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International fraud hits Seattle neighborhood
Federal law enforcement investigators say they're closing in on an international thief who electronically ripped off hundreds of residents in a Seattle neighborhood.
Most live on Seattle's Capitol Hill. On October 25th, Topher Jerome says he got a text message telling him his bank account was overdrawn. That raised a red flag because he knew he had plenty of money in it.
Someone had gotten hold of his debit card number and was using it to make purchases all over the world, including at a nightclub in Cameroon.
Jerome thought “oh great I’ve been hit with identity threat” and posted something to that effect on his Facebook page. What he heard back surprised him.
“Three people commented and said me too, me too, me too!" he discovered shortly after he posted his comment.
It was happening to so many people on Capitol Hill that the Seattle police turned it over to the Secret Service Electronic Crimes Task Force.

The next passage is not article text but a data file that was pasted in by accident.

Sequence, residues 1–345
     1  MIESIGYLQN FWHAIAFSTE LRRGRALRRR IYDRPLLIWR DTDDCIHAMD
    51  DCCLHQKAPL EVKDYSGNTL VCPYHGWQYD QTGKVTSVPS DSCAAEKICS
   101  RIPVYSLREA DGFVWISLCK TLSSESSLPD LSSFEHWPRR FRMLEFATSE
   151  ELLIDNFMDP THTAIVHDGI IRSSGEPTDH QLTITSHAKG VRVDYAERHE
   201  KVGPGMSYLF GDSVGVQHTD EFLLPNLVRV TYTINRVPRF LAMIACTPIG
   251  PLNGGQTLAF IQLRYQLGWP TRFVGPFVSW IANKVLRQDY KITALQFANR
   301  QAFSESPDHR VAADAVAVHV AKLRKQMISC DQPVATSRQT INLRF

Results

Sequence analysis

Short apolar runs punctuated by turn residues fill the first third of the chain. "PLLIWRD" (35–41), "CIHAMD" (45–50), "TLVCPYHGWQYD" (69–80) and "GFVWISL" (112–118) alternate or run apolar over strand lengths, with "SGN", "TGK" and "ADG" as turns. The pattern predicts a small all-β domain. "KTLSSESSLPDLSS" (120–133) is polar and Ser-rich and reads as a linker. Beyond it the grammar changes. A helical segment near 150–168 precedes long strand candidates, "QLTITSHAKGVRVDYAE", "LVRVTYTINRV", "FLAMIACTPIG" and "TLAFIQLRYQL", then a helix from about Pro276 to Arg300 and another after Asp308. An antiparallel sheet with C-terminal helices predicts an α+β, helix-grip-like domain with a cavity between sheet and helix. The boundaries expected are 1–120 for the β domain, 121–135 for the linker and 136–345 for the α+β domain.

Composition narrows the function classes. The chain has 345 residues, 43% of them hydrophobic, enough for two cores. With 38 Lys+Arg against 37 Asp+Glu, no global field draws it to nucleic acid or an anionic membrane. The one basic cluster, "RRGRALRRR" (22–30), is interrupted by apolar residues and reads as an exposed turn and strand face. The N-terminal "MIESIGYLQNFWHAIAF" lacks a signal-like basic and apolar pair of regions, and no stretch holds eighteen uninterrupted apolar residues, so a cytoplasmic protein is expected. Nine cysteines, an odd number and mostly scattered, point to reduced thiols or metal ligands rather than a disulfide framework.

What they’ve figured out is that on a single day in October an overseas hacker tapped into a neighborhood establishment’s computer system and accessed hundreds, maybe thousands of customer credit and debit card numbers.
Now, Secret Service spokesman Bob Kierstad says they’ve tracked the crime to an overseas country (he won’t say which one) and are close to identifying the hacker. It could take several months, but the person will likely be brought to Seattle for prosecution.
"We will work within channels, proper channels to apprehend the person through Interpol or Europol,” Kierstad said.
The Secret Service says they're also investigating a similar case in another community “somewhere in the Pacific Northwest.”
The lesson of all of this for consumers is to by hypervigilant, check the charges on your bank and credit cards often and, if something happens, report it to both your bank the police. It’s likely if you’re the victim of fraud, you’re not alone.